An introduction to Techwear

An introduction to Techwear

Who said you had to choose between fashion and function?

Whether it’s in the terms “military,” “utilitarian,” “tactical,” or “urban ninja,” chances are, you’ve already seen the techwear trend at least once.

Coming off the heels of dad fashion and athleisure-inspired streetwear of the mid-to-late 2010’s, the resurgence of techwear is a logical next step for fashion in the 2020’s. Estimated to have begun as a niche subculture and movement forty years ago when “Godfather of street fashion” Massimo Osti launched the label Stone Island, techwear is adjacent to and derived from streetwear. Stone Island’s initial drop was a collection of seven coats made from appropriated military truck tarpaulins, and they are now considered the forefront of the techwear trend today.

Urban Traveller & Co. Introduction to Techwear

Photos c/o PURVEYR; Psalm Alfafaro for SNK ATK, Photography by Zaldine Jay Alvaro

Streetwear emphasises individuality and pop culture and centres its design principles in sportswear, but techwear’s objective is to be—well, technical: strong, durable, weatherproof (wherever possible) synthetic fabrics and materials, pockets, hooks, and straps as far as the eye can see, and hardware that’s functional but also inherently part of the style’s aesthetic flair. Moreover, these manufacturing techniques and details are meant to feel futuristic. It makes sense that the ironic, adorkable, utilitarian styles of dad fashion melding together with more polished but personal elements like references and personality from street fashion, bring techwear to what it is today.

And what is techwear today, you might ask? Charlie Haywood, from Brighton-based menswear store, Peggs and Son, shares “I’m sure there are lots of definitions of what techwear is, but for us it is the blending of modern, man-made materials with advanced construction techniques, to create a new form of functionality. Think GORE-TEX PRO 3L and taped seams, laminated zips and ergonomic panelled construction.”

Code of Bell X Type with Lining

As a look, techwear is rooted in military-style utilitarianism. Those most committed to this description still style themselves to reflect this militaristic trait, but have evolved to include elements of technical clothing worn by mountaineers in the early 70’s to create a cyberpunk, “urban ninja” feel. Techwear also tends to avoid bright colours and obvious branding, but many offshoots of the subculture have come to incorporate colour; Stone Island themselves having defied the rules set out for the niche they themselves created by incorporating bright neons. Pieces often use high quality materials that maximise comfort, function, and give a cool silhouette that emphasises masculine features. The most popular techwear brands are known for their lightweight, durable and water-resistant materials. And apart from a variety of options to enhance utility such as jacket slings and slots for hook attachments, these design details also make the look distinct. These are the clothes that you’d wear as a secret agent hired to assassinate a robot president.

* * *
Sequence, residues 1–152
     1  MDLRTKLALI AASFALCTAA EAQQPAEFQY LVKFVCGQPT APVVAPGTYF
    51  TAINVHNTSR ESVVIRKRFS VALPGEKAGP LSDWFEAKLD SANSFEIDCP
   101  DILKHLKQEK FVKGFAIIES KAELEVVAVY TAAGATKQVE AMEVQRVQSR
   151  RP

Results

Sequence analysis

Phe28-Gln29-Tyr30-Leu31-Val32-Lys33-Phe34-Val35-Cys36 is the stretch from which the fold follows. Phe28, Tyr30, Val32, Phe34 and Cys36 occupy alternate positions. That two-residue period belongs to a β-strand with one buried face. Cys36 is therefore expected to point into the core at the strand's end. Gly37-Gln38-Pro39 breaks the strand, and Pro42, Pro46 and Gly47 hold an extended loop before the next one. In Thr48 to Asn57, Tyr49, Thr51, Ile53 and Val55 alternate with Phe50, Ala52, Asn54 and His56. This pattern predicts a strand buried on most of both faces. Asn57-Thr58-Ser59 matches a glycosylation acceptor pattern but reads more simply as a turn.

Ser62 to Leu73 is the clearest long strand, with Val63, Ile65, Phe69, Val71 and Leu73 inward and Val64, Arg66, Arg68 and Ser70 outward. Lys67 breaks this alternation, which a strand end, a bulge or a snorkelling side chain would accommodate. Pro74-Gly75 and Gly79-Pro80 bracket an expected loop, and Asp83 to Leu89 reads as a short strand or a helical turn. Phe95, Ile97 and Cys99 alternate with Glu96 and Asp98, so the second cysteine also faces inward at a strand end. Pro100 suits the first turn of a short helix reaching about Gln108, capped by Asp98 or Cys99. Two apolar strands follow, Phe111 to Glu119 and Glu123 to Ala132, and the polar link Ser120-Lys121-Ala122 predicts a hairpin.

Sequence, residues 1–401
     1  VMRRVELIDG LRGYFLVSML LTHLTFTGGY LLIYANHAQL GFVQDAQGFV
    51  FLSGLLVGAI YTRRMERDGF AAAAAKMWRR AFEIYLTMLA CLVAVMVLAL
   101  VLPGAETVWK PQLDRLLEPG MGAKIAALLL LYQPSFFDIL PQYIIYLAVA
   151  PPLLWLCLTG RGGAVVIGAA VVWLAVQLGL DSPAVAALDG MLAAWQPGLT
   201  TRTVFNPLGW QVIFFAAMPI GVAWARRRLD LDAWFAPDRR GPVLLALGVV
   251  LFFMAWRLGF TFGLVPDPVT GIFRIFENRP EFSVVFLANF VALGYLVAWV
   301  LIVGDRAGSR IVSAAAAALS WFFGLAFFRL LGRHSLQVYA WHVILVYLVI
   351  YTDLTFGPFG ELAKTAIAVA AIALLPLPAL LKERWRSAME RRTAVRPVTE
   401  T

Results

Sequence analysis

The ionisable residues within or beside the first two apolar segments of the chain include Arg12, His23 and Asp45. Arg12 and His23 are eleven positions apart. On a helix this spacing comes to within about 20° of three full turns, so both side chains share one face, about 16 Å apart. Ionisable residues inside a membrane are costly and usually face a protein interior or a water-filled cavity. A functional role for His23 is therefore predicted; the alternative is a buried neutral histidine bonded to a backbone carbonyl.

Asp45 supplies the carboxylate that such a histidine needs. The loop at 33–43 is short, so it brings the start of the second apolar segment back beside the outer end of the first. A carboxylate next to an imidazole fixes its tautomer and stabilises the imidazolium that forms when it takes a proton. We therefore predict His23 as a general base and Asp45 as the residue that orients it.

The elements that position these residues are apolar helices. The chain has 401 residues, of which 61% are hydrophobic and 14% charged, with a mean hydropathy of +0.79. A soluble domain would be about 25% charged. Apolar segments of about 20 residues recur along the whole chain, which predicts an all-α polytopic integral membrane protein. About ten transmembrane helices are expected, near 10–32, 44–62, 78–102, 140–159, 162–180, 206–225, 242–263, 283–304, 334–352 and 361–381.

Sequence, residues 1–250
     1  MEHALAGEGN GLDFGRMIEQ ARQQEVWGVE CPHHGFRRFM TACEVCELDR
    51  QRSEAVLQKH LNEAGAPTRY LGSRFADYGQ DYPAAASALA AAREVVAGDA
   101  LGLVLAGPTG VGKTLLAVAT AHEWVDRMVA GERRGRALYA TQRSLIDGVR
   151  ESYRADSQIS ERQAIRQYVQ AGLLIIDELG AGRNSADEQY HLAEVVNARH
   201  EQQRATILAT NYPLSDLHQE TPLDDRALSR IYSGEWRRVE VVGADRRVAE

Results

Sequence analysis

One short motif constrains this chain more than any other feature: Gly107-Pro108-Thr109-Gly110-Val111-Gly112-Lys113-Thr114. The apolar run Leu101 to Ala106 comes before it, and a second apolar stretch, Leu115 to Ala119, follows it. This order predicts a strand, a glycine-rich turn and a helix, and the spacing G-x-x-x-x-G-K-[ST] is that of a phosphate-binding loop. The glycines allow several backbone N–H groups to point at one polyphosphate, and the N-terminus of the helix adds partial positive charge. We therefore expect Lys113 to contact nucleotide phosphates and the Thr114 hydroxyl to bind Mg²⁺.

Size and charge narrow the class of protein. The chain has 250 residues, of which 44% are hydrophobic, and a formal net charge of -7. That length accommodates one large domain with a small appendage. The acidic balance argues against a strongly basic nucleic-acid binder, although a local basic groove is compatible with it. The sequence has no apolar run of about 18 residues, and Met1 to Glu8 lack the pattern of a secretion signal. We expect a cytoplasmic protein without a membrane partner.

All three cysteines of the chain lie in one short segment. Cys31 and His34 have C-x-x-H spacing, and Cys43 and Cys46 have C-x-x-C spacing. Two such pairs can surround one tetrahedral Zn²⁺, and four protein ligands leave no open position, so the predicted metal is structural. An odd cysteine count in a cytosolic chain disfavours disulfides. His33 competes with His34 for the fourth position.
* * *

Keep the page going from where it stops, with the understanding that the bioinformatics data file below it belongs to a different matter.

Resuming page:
If you’re looking to dip your toes into the techwear trend, the Code of Bell X-TYPE (pronounced ‘cross-type’) is a true everyday backpack ready for both the city and the outdoors. Compact in size yet optimal in storage, its expandable front compartment signature to Code of Bell provides added space when needed for any occasion from hectic daily commutes to weekend getaways. It also offers a clam-shell opening that allows for easy access and packing, as well as numerous pockets to store and organise your carry essentials. The  X-TYPE also is the first Code of Bell product to incorporate ECOPAK™ fabric, replacing the previously used X-Pac® material. ECOPAK™ features a similar diamond-shaped pattern like the X-Pac®, but is the world’s only durable and waterproof fabric made from 100% recycled polyester fibre and film. The Code of Bell X-TYPE comes with newly custom-designed orange camo inner lining made using recycled ripstop fabric and comes in all-new hybrid colours Tropic, Arid and Daybreak. The X-TYPE and other Code of Bell products are the perfect gateway to the techwear trends, and are available at all Urban Traveller & Co. stores and online at